We value genuineness and hence transparency. We shun hypocrisy. We listen to the lament and impeccatory Psalms where psalmists authentically pour out their hearts to God. We infer we too can express ourselves genuinely to God.
Then we notice on social media or perhaps in personal conversations, disciples venting their rage and ranting. They might even claim to be justified before God because they are being transparent and genuine. What are we to think?
I am reminded that many missteps involve partial truths. We need to be careful.
We might begin by noticing a fundamental difference between the Psalms and contemporary rants. Within the Psalms individuals express their cries, concerns, fears and anger to the One who is enthroned in heaven and who is thus capable of doing something about them. On the other hand, social media and personal conversations involve spewing venom at people.
In my reading of scripture, some of the following points can be hard to hear. They do, however, provide a behavioral path forward for disciples who are outraged about the world in which they live.
- God will settle all accounts one day and he will take vengeance.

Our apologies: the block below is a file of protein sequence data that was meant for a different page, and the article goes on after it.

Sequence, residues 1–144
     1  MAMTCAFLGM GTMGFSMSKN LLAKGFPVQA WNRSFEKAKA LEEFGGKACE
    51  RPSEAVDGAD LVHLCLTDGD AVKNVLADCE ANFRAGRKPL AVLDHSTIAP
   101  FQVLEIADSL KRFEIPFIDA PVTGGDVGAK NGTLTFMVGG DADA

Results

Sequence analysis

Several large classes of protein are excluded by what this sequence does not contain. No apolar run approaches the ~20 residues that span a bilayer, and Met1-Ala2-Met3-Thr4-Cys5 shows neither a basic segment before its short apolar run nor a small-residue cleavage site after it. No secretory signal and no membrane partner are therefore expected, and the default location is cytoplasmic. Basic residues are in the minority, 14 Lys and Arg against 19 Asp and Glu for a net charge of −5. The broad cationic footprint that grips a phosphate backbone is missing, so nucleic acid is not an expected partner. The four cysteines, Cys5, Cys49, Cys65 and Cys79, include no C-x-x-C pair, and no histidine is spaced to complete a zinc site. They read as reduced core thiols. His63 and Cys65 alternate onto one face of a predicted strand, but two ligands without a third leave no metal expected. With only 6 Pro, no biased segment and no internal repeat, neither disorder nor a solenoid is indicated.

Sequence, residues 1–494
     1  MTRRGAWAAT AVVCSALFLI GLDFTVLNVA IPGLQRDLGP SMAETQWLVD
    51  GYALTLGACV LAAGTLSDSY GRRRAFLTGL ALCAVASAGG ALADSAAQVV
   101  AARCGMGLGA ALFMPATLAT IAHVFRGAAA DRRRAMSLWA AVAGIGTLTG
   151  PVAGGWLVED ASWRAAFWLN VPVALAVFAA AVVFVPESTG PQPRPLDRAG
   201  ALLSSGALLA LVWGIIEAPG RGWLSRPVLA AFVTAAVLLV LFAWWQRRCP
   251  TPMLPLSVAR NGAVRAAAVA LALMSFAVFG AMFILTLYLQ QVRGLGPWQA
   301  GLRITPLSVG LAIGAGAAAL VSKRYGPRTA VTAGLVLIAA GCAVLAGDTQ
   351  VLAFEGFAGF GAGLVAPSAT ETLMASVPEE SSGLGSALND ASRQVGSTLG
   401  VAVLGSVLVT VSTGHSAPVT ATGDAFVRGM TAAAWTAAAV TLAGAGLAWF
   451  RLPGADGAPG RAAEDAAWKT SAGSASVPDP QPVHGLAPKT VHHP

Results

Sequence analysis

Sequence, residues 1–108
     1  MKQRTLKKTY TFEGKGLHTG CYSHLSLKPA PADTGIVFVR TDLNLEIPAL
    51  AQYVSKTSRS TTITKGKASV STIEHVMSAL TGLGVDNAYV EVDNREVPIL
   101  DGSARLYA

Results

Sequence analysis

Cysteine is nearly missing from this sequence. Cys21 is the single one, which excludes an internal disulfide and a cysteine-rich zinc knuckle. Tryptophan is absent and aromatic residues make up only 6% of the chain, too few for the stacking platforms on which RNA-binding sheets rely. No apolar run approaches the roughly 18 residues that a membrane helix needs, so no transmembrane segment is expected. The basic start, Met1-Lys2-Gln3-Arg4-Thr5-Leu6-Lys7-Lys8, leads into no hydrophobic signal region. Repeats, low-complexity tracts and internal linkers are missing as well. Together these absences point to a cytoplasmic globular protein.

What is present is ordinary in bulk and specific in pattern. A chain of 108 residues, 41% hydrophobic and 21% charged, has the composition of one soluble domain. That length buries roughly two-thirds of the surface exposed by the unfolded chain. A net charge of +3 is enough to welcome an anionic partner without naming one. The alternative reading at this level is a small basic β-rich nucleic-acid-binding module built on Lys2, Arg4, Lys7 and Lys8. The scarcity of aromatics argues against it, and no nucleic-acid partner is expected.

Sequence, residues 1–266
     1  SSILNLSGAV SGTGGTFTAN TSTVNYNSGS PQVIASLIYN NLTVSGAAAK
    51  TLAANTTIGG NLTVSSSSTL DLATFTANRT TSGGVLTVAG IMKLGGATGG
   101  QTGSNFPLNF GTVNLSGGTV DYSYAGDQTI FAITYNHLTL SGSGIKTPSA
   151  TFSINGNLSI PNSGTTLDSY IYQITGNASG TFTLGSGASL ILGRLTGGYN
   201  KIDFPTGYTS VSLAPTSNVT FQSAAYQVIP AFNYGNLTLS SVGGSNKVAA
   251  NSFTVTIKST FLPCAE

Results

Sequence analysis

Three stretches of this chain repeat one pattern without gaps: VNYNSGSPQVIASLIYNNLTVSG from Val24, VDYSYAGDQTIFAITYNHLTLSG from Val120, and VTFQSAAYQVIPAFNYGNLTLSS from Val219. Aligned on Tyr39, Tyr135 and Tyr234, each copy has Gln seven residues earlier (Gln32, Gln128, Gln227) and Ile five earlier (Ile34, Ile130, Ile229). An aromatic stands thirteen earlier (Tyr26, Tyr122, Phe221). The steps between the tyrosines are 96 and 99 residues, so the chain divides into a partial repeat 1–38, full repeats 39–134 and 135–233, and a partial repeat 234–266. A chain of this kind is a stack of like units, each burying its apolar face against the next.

God’s people are repeatedly reminded to leave the vengeance to God instead of avenging it themselves. Romans 12:19; Hebrews 10:30
- Although during their lives some corrupt people might think that they got away with the bad things they have done, they won’t.
The cries of those who are abused ascend to God. The Judge sees all of the evidence revealing injustice and wickedness. James 5:1-6; Hebrews 4:13
- In a world distorted by evil, God’s people are to shine like stars revealing how God desires people to live.
We are tasked with exemplifying loving kindness and a willingness to forgive even our enemies. We overcome evil by doing good, rather than empowering evil to gain new legs through our actions and words. Romans 12:21; Luke 6:27: Mark 11:25; Philippians 2:14-16
- Although we might want to lash out, disciples are commanded to be patient and to control their speech.
A genuine devotion to God involves controlling our words and being patient. Human anger does not achieve God’s righteousness. James 1:19,26; 1 Thessalonians 5:14; 2 Timothy 2:4; James 5:7-11
- When social pressures and powerful influences expect us to conform in perpetuating their ungodly behavior, we stand tall for God regardless.
The disciple’s highest values revolve around dying to oneself in order to live for God. As such, loving God and loving others as oneself trumps all other behavioral paths and pressures. Luke 9:23-26; Mark 12:29-31; 2 Corinthians 5:15-18
Does this mean we are powerless to evoke change for the better? Of course not! What it means is that we do not pick up the tools of the evil one to viciously attack and fight for what is good. Rather, we use the powerful tools of God, such as the fruit of the Spirit, to work with God toward what is good.